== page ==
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County Manager's Office

Phone: 913-715-0725

111 S. Cherry St., Suite 3300, Olathe, KS 66061

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county manager's office

The County Manager's Office is responsible to the Board of County Commissioners and the residents of Johnson County for the effective and efficient delivery of programs and services, using sound management and financial principles while emphasizing high ethical values, innovation, and continuous improvement.

Department News

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Funding authorization for second phase of JCW project
April 27, 2016

Johnson County Wastewater staff will present a five year Capital Improvement Plan to the Board of County Commissioners in a Committee of the Whole Session at 1 p.m., Thursday, Apr. 28. The presentation will address plant and sewer expansions, as well as permit/regulatory projects and renewal/replace for 2017-2021. JCW operates and maintains more than 5,600 assets at seven plants and 31 pump stations. JCW also operates and maintains 2,200 miles of pipe and 56,000 manholes.

One of those JCW projects to be discussed is the Tomahawk Creek Wastewater Treatment Facility expansion and upgrade.  The plant, located at 10701 Lee Boulevard in Leawood, was originally built in 1955. More than 60 years later, times have changed and so have the needs of the facility. New water quality regulations require upgrades to the existing Tomahawk Creek facility to improve water quality in Indian Creek and downstream waters.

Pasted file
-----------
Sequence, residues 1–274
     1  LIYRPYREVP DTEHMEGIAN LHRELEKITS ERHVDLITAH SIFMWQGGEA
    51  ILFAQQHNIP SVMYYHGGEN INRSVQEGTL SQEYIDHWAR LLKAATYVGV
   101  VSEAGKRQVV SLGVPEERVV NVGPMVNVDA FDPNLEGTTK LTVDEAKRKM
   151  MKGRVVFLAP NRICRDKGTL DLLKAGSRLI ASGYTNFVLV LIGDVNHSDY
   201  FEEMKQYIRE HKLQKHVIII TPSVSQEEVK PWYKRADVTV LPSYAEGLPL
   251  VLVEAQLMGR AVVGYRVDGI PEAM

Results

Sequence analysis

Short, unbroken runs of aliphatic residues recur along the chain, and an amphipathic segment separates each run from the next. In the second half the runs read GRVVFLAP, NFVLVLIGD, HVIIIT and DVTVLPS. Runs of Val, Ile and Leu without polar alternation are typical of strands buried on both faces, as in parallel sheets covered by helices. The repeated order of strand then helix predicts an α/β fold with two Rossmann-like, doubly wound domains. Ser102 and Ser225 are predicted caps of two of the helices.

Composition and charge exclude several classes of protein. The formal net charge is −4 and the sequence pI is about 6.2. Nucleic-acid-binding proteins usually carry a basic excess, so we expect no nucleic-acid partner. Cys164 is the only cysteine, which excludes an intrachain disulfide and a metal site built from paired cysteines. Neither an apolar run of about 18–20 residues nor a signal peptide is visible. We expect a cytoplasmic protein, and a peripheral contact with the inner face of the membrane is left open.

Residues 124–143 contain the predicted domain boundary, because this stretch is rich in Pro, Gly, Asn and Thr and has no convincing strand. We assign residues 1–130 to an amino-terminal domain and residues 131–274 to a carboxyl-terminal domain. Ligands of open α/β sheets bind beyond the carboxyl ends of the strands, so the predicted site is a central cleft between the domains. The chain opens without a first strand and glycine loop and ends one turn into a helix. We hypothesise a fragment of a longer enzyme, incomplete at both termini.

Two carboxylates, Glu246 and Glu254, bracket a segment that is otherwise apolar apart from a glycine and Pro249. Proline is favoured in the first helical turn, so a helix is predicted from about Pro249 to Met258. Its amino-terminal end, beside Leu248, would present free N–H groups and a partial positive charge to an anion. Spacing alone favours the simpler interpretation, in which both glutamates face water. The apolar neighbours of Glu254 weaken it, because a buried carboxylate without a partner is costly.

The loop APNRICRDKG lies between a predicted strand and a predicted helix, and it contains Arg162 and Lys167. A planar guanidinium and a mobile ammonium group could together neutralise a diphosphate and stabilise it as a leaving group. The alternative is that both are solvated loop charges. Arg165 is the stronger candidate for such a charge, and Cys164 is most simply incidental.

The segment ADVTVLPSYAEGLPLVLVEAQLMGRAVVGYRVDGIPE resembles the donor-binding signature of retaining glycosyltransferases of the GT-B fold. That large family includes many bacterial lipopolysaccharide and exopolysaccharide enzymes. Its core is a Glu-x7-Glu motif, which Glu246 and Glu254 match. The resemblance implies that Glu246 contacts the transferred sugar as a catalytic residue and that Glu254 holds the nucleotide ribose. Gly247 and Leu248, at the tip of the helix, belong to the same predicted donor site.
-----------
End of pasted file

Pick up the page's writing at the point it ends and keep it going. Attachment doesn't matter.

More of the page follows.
The Tomahawk facility currently treats seven million gallons per day, 40 percent of the wastewater collected from parts of Leawood, Olathe, Overland Park and Prairie Village. The remaining 60 percent is currently sent to Kansas City, Mo., for treatment. In 2016, $17 million was budgeted for payments to Kansas City, Mo. The cost to continue sending flow and paying Kansas City for treatment will substantially increase because of the city's $4.5 billion planned infrastructure improvements over the next several decades.

Johnson County Wastewater has studied how to accomplish two goals in the most cost-effective manner:

  1. Meeting new water quality regulations requiring upgrades to the existing treatment facility.
  2. Confirm a previous study recommendation to expand the Tomahawk Creek Wastewater Treatment Facility and discontinue sending flow to Kansas City, Mo.

The study recommended investing to expand the Tomahawk Creek Facility to treat all flow as the most cost-effective, long-term solution.

At its regular meeting on May 5, the Board will consider authorization of funding for the second phase of the project – the design phase – for $21,387,000. Black & Veatch was awarded the $280 million project in 2014.

Please visit www.jocogov.org/dept/wastewater/engineering/public-projects/tomahawk-creek-wastewater-treatment-facility for project details and updates.

The public may view Board meetings and Committee of the Whole sessions online at http://lims.jocogov.org/sirepub/meetresults.aspx?pagetype=broadcast.

Johnson County criminal justice team attends D.C. summit
April 27, 2016

A team of criminal justice and behavioral health professionals from Johnson County attended a two-day summit in Washington D.C. last week that brought together select teams from U.S. counties of all sizes as part of a national initiative to address the mental health crisis in our nation’s jails.

The Stepping Up Summit convened jail administrators, law enforcement officials, county elected officials, mental health professionals and other stakeholders from 50 jurisdictions across the country. The Johnson County delegation included Johnson County Sheriff Frank Denning, Johnson County District Attorney Steve Howe, Assistant County Manager Maury Thompson, Johnson County Mental Health Director Tim DeWeese and Criminal Justice Coordinator Robert Sullivan.